With imports becoming cheap, the import-competing organizations are having a tough time in sustaining market pressures. A major chunk of New Zealand’s import is from China. Thus with currency appreciation, Chinese products which are as it is lower priced are easily spreading their tentacles within the economy. Domestic manufacturers are failing to perform primarily because people in New Zealand are offered with large number of cheaper substitutes. This has resulted in a change in disbursements pattern of its population. (Tarrant, 2012)

There has been a dearth of research related to appreciation of NZ $ and its impact on SMEs. In such a scenario it is essential to study such relationships between the two to understand the dynamics of New Zealand’s markets both at national and international frontier. Therefore this study will be interesting along with being useful. This study will provide with an insight to the various SME organizations with regards to sound strategic planning so that they can benefit from such NZ $ appreciation.

References

  1. Abdullah,M. and Bakar, M. (2000). Small and Medium Enterprises in Asian Pacific Countries: Roles and issues. New York: Nova Publishers
  2. Amadeo, K. (2014). World Currency: Why Dollar is the World Currency?. Available at http://useconomy.about.com/od/glossary/g/global_currency.htm [Accessed Sept 24, 2014]
  3. Bernanke, B. (2010). The economic outlook and monetary policy. In Speech at the Federal Reserve Bank of Kansas City Economic Symposium, Jackson Hole, (Vol. 27), Wyoming.
  4. Bloomberg (2013). Bloomberg Indexes Unveils Dynamic U.S. Dollar Benchmark. Bloomberg Finance LP
  5. Brash, (2000). The fall of the New Zealand dollar: why has it happened, and what does it mean? Reserve Bank of New Zealand Bulletien, Vol. 63, No. 4, pp. 22-27
  6. Colombo, J. (2014). 12 Reasons Why New Zealand’s Economic Bubble Will End InDisaster. Available at http://www.forbes.com/sites/jessecolombo/2014/04/17/12-reasons-hy-new-zealands-economic-bubble-will-end-in-disaster/ [Accessed Sept 18, 2014]
  7. Deakins, D., Battisti, M., Perry, M. and Crick, D. (2013).Understanding Internationalisation Behaviour. New Zealand Centre for Small and Medium Enterprise Research. New Zealand
  8. Fallow, B. (2013). Strong NZ dollar only part of the story. New Zealand Herald. Dated 7th Feb, Auckland.
  9. Fink and Kraus, S. (2009). The Management ofSmall and Medium Enterprises. USA: Routledge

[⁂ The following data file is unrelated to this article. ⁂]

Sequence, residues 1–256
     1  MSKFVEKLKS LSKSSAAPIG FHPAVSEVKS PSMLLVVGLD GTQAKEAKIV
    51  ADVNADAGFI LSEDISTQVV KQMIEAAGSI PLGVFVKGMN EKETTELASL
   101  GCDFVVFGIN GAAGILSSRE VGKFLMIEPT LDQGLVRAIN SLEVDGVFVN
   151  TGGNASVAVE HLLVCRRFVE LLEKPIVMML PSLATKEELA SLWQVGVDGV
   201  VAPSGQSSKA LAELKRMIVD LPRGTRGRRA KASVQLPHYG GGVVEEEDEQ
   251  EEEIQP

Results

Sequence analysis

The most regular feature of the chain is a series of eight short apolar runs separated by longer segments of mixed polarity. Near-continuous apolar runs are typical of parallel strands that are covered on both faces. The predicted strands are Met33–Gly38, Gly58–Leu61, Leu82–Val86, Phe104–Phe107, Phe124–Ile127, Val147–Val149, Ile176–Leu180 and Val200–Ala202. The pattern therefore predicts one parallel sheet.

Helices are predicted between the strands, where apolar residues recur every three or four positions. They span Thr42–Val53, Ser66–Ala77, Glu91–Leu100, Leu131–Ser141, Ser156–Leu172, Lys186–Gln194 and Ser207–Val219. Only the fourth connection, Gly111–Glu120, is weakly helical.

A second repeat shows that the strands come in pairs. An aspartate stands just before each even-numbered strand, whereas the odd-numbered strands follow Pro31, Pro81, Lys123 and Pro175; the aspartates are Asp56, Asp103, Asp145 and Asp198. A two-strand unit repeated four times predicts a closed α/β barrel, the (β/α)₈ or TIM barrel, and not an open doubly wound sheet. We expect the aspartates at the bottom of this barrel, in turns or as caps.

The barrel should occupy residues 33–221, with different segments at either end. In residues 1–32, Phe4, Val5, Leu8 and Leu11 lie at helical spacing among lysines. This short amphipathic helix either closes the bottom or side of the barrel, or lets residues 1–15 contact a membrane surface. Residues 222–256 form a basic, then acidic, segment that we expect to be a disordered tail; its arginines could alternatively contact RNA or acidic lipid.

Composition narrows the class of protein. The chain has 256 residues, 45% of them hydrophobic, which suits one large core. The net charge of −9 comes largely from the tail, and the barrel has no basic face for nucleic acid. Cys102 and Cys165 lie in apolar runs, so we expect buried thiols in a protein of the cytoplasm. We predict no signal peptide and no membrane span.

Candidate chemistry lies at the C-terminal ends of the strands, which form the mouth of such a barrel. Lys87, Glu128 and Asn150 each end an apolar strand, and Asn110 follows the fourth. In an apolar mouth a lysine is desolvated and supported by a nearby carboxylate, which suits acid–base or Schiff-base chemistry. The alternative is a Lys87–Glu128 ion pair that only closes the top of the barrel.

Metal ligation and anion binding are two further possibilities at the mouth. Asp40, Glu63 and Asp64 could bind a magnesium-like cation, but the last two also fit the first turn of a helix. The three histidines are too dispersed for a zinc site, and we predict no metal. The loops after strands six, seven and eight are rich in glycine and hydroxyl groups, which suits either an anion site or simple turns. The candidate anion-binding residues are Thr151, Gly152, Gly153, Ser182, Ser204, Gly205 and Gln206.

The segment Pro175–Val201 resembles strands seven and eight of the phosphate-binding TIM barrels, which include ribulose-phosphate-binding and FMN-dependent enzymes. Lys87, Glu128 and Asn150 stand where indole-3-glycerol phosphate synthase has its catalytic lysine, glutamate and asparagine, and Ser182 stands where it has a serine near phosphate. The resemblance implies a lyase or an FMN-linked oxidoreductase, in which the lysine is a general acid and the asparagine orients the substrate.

10. Gwartney, J., Stroup, R., Sobel, R. and Macpherson, D. (2014). Economics: Private And Public Choice. USA: Cengage Learning
  11. Headey, D. and Fan, S. (2008). Anatomy of a crisis: the causes and consequences of surging food prices.Agricultural Economics,Vol. 39, No. 1, pp. 375-391.
  12. International Monetary Fund (2010). New Zealand: 2010 Article IV Consultation – Staff Report; and Public Information Notice on the Executive Board Discussion. International Monetary Fund
  13. Jaeger, S. (2007). How SMEs engage in the global economy – cases from New Zealand. In Oxford Business & Economics Conference, UK: Oxford University.
  14. Ministry of Economic Development (2011). SMEs in New Zealand: Structure and Dynamics. New Zealand Government, New Zealand.
  15. PwC (2014). The rise and rise of the NZ dollar exchange rate – implications for the New Zealand economy. Available at http://www.pwc.co.nz/news-releases/the-rise-and-rise-of-the-nz-dollar-exchange-rate/ [Accessed Sept 18, 2014]
  16. Shanghai Daily (2014). Dairy prices, currency appreciation trouble New Zealand producers. Shanghai Daily, dated !9th Aug, Shanghai
  17. Tarrant, A. (2012). High NZ$ keeping inflation in check, but detrimental to NZ economy, as global central banks print, RBNZ says; ‘Global easing may continue’. JDJL Limited, dated 8th Mar, Auckland.
  18. Teague, S. (2014). New Zealand dollar caught between safe-haven and EM status. EuroMoney, dated 3rd Sept, UK.
  19. Waikato Times (2014). SMEs still backbone of NZ business. Available at http://www.stuff.co.nz/business/small-business/10198006/SMEs-still-backbone-of-NZ-business [Accessed Sept 25, 2014]

To export a reference to this article please select a referencing stye below:

Reference Copied to Clipboard.
Reference Copied to Clipboard.
Reference Copied to Clipboard.
Reference Copied to Clipboard.
Reference Copied to Clipboard.
Reference Copied to Clipboard.
Reference Copied to Clipboard.

Request Removal

If you are the original writer of this essay and no longer wish to have the essay published on the UK Essays website then please click on the link below to request removal:


More from UK Essays